Thanksgiving and Science Fiction

Evening had come and, the lab was quiet. Doctor Herbert Stienhoffer and his faithful interns had gone home over an hour ago. The lights had been extinguished, no equipment beeped, no gages registered, but in the darkness, there was movement. On a table towards the back of the room, a careless intern had forgotten a petri dish, and though the room was still, the translucent, yellow-green liquid the dish contained was swirling in a tiny whirlpool of intense activity. The liquid congealed, and the spinning stopped as a creature took shape. His tiny reptilian eyes glowed as he rose and shook the stiffness from his body. Sliding easily over the edge of the dish, he began his trek towards the metal tower that the humans called microscope. Pausing for a moment at the tower’s base, he scanned the room about him. All was quiet. Only the click of his tiny talons against the desk’s Formica surface disturbed the silence. His mission? To implant a false image on the lens of the tower. The world could never know that his kind not only had a brain, but a purpose, and a destiny. They would implant their young into every human being, congest airways, leave human brains in an empty, oxygen deprived state, and thus create an army of mindless drones enslaved to do their bidding! This micro-villain chuckled as he brushed the slime from his oozing nostrils, and began the upward climb that would ensure his race’s superiority. Yes! In the end, the common cold would rule the world!

Okay, so I’m being melodramatic, but there has to be some intelligence behind the germ that causes the cold. Thanksgiving is swiftly approaching. The house needs cleaned, plans need made, but instead of cheerfully dreaming of the holidays ahead, I’m sitting at my desk in a mindless stupor, seriously considering taping a Styrofoam cup under my nose. I really should be up doing something to prepare, but standing makes my head feel like it’s going to roll off my shoulders, and with the condition of the house at the moment, Thanksgiving would be over before we found it. My brain is so numb that last night I threw a handful of tissues in the laundry basket and my socks in the toilet! An army of germs capable of making such an organized attack surely must have a strategic mastermind at its head… And why now?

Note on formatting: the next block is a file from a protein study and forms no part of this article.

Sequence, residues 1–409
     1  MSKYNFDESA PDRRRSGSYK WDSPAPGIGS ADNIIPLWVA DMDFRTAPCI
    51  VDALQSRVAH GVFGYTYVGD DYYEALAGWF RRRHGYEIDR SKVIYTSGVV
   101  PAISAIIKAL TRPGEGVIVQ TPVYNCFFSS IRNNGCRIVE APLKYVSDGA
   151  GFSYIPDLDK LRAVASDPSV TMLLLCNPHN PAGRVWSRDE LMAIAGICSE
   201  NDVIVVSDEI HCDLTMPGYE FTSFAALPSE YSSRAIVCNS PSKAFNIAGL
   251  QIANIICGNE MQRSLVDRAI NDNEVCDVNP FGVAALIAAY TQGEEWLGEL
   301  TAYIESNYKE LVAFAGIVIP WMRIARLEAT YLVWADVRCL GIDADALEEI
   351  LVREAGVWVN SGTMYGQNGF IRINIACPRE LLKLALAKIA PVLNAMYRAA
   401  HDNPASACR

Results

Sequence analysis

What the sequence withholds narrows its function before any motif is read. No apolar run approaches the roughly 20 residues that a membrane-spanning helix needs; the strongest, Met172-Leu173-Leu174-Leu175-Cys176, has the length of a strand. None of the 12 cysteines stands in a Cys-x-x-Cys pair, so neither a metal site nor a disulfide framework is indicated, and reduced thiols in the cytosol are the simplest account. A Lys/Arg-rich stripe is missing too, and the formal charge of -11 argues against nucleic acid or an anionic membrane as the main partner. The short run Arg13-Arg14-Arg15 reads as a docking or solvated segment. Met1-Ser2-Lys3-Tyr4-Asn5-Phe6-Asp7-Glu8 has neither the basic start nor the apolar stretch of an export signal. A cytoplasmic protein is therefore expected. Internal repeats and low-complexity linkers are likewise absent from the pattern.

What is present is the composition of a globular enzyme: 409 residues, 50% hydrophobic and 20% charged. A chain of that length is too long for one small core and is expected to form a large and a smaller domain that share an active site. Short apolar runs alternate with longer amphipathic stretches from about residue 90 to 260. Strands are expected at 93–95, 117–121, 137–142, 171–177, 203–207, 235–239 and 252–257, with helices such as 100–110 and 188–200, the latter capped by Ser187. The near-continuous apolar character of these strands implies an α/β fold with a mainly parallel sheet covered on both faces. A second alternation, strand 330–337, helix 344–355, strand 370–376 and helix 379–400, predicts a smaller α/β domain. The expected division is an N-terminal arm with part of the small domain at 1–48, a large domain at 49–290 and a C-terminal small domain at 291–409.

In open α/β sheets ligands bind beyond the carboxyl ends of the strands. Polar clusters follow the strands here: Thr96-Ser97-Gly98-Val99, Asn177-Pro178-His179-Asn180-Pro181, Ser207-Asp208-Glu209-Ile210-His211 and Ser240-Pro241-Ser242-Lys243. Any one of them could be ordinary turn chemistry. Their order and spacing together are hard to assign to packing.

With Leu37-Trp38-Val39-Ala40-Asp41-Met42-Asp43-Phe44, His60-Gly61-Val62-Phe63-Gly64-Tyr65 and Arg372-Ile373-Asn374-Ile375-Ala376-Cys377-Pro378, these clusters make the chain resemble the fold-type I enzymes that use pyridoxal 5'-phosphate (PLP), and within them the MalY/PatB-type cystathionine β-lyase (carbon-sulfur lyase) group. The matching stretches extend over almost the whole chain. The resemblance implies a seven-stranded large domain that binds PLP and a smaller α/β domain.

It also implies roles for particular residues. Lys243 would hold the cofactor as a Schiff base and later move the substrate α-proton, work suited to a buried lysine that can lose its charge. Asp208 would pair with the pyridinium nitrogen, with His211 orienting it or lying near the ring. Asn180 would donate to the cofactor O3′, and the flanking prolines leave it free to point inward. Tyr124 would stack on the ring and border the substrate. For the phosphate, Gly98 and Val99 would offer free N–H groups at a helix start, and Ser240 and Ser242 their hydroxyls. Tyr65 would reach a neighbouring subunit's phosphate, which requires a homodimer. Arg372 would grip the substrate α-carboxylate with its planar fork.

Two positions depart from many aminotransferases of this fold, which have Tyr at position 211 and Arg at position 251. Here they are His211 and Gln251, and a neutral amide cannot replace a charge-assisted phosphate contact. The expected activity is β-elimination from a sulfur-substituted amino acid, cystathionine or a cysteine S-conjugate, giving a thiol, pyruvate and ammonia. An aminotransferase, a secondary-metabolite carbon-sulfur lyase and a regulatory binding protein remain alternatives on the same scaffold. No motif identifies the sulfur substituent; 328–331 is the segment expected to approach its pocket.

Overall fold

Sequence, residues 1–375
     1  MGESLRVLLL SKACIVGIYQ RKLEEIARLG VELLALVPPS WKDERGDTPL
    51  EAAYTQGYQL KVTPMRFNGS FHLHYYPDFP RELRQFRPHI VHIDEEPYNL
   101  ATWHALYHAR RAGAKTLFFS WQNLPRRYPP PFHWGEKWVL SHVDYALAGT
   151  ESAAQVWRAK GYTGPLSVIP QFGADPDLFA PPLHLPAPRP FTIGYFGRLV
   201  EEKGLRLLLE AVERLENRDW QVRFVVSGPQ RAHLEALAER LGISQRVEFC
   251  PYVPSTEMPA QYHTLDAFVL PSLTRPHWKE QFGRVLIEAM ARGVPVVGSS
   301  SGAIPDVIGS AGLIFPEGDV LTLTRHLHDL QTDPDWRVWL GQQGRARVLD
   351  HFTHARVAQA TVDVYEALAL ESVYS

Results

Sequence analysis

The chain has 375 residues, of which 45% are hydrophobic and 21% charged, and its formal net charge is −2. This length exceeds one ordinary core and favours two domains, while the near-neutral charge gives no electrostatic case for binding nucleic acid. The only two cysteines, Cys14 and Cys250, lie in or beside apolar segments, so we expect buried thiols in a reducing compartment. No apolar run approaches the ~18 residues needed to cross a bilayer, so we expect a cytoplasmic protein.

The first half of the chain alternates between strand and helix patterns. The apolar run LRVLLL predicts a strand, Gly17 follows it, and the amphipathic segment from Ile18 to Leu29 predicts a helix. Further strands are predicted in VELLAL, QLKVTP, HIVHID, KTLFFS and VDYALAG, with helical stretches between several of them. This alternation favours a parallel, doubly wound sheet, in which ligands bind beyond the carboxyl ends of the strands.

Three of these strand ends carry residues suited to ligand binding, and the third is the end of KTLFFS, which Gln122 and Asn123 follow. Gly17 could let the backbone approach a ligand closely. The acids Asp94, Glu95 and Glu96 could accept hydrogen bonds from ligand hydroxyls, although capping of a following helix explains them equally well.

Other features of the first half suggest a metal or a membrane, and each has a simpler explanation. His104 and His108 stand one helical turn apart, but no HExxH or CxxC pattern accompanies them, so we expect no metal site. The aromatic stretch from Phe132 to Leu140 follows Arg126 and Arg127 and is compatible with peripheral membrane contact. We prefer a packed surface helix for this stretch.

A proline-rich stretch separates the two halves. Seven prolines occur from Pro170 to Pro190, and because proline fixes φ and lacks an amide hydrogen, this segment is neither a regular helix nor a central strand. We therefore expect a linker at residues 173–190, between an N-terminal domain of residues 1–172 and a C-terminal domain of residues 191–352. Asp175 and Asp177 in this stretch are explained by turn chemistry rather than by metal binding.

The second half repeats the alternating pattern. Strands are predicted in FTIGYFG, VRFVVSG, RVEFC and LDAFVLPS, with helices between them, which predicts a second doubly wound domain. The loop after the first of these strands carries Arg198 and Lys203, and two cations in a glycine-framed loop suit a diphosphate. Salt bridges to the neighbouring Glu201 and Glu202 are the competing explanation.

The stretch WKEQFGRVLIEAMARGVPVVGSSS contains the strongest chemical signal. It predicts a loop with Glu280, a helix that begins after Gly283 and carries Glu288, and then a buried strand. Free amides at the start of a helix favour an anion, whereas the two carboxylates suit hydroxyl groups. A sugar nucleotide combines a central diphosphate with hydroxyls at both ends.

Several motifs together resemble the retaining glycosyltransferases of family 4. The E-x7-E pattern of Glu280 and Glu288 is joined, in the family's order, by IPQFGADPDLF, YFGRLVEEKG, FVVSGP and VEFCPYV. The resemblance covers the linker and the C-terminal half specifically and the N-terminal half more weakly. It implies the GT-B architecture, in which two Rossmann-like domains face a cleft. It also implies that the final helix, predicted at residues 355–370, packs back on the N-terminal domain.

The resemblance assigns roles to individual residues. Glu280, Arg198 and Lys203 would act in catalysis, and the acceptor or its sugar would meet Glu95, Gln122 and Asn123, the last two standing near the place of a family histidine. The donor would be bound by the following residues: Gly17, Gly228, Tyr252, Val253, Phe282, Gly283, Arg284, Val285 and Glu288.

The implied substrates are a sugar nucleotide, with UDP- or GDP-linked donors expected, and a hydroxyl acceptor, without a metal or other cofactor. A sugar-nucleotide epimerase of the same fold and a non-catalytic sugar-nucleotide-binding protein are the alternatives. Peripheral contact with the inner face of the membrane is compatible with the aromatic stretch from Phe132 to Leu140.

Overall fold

This cold had ten months to make its attack on my system, but it chose Thanksgiving week. Mere chance, or is it something more insidious? What better time to plan the infection of the human race than Thanksgiving, and what better people to first infect than the cooks?

“Take heart,” my family tells me, “You still have a few days.” But my sister-in-law has been fighting this cold for three weeks. I came down with this two days ago. Thanksgiving may be recorded as the day that the common cold took over the earth.

Hmmm… Sounds like I’m not getting enough air to my brain again.

Sue

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4 Comments

Filed under Sue's Corner

4 responses to “Thanksgiving and Science Fiction

  1. Oh, no, we’ll have to tell all the scientists, quick!
    Or we’ll all be mindless drones soon.
    I’ve been blowing my nose all morning.

  2. “the common cold that took over the earth” – great line – something we can all identify with. Hope you feel better…now it you excuse me I’ll just back away from the screen and wash my hands really well.

    • Thank goodness cold germs can’t pass through the Internet, or can they? I can just see them in that darkened laboratory, developing a new more advanced strain of themselves. Oh no! It’s Comp-u-cold. Through electrical impulses, he can propel himself through the wireless roadways to our mouse pads and keyboards. Infecting the human race by computer… Just kidding… I hope!

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